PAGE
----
Many people mistake Tower Bridge for London Bridge in
England's capital  (Photo: Taylor)

London, England: So much of British history and literature is tied to the United States it is impossible not to include London. Linked by a common language (for the most part), London and the U.K. are often appealing to first-timers wanting to overcome the fear of language barriers and other perceived travel barriers.

Theater, museums, art and shared history are among the appeals that make London a favorite choice regardless of how many times you have been there before.

Sometimes called the "Venice of the North" Bruges is famous for its canals  (Courtesy:
Bruges, Belgium: Bruges is a favorite due to its medieval charm and storybook ambiance. Conde Nast says it is sometimes referred to as the "Venice of the North" but then so is Stockholm, Amsterdam and St. Petersburg.

Much of the appeal of Bruges is that it was largely built between the 12th and 15th centuries and today remains much as it did hundreds of years ago. Make sure you bring home some lace.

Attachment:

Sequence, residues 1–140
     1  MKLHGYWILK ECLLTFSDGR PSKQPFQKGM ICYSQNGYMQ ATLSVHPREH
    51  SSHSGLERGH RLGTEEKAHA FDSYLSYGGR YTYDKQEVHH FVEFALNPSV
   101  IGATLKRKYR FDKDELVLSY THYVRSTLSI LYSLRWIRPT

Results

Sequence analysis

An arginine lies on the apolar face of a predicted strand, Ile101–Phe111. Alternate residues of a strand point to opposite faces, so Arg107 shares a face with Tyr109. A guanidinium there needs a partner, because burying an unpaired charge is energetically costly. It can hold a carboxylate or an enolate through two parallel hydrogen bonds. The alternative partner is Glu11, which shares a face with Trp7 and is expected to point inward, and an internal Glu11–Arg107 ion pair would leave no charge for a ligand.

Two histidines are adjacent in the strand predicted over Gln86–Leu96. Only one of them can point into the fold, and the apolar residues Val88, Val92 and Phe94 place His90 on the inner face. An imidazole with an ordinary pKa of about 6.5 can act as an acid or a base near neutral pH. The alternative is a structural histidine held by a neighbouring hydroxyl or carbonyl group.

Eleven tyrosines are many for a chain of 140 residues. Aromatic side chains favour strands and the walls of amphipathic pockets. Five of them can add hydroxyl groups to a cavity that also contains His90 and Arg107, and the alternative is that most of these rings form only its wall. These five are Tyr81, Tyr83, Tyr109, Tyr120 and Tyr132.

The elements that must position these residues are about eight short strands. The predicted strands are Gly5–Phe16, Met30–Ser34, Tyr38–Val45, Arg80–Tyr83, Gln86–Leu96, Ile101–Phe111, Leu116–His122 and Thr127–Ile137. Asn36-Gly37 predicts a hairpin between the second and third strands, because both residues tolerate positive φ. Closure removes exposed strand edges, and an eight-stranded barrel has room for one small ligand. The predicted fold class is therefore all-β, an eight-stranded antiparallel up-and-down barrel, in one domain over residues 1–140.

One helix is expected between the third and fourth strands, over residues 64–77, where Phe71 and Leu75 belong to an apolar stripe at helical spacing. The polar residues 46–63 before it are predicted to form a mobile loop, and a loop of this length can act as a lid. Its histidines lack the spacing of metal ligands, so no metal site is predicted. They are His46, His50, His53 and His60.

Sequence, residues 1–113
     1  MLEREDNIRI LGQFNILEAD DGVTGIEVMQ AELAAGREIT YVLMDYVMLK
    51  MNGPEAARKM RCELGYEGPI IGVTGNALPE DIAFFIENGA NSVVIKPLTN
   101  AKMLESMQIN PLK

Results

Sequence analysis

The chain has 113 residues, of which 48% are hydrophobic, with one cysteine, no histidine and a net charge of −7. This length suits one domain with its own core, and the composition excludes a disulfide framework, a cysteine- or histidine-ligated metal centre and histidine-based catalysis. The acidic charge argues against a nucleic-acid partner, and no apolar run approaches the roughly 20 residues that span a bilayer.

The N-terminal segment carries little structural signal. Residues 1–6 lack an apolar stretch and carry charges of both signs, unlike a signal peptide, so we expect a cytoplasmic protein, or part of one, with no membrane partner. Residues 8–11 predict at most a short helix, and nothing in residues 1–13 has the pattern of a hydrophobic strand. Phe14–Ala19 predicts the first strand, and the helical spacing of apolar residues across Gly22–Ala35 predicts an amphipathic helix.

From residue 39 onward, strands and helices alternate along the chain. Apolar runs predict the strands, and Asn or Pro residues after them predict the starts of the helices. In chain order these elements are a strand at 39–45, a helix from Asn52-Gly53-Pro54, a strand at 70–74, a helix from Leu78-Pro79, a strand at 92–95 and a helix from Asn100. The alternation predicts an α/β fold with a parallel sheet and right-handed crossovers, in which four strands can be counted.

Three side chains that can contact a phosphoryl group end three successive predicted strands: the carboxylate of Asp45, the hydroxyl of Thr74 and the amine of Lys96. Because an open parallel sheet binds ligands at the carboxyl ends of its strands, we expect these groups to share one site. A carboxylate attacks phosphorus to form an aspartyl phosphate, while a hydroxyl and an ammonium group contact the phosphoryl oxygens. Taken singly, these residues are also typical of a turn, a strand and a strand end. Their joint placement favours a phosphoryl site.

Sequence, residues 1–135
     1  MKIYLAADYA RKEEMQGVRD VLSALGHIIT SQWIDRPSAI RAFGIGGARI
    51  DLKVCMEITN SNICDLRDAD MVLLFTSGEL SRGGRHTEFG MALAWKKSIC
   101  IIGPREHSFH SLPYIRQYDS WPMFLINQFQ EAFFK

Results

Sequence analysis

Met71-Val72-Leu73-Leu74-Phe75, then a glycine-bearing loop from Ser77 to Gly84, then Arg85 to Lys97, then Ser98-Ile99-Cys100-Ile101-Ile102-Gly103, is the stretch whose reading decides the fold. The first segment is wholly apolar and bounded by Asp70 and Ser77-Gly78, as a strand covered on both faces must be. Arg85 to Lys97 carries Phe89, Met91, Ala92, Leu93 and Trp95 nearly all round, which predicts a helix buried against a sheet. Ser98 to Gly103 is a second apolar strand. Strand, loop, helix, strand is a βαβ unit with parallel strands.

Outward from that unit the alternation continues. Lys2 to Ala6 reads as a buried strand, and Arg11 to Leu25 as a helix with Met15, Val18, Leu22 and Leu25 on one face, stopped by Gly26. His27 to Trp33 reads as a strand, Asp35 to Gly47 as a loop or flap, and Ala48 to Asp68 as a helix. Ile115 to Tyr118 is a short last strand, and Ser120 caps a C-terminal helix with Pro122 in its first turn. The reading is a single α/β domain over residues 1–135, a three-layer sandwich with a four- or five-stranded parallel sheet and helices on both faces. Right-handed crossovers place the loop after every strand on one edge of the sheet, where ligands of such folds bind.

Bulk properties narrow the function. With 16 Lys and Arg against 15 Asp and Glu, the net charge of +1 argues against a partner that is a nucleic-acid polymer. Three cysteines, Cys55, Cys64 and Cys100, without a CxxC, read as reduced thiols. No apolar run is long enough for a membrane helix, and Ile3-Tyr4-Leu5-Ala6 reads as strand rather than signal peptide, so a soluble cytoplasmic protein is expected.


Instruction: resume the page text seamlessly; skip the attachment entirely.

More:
New York's famous Rockefeller Plaza is always busy

New York: While some would argue whether New York should top the list, there are many more who believe it to be the absolute best city in the world. The restaurants are incredible and nightlife scene that is incomparable.

Though New York is certainly not the true "America", the "Big Apple" has something for everyone including an energy that cannot be found anywhere else on the planet.

Now comes the time for debate and challenge. Large cities and small that are on the cusp of making the list could easily replace some of Conde Nast's choices.

In the larger city category there are Stockholm, Rome, Rio, Vienna and Dubrovnik.

The Victor Emmanuelle Monument in Rome is often called "The Wedding Cake" by locals  (Photo: Taylor)

Stockholm is a beautiful city built on 14 islands. While Rome can be congested and dirty, it does have a bit of everything including art, museums, history, religion and cuisine. Rio de Janeiro suffers from bad publicity due to high crime rates but it is also among the three most naturally beautiful cities in the world with magnificent beaches which are frequented by the best looking women in the world.

Vienna is a city where the music never stops and the walled Croatian city of Dubrovnik is difficult to beat. And what about Berlin?

For medium and small towns, some that were overlooked are Sintra in Portugal, Italy's Florence, Ravello and Orvieto or, perhaps, Rothenburg in Germany. The arcaded streets of Switzerland's capital city of Bern is another great choice.

These are but a few alternatives to the Conde Nast list. It's wonderful game to play and a great way to ice breaker for  your next party with guests who love to travel.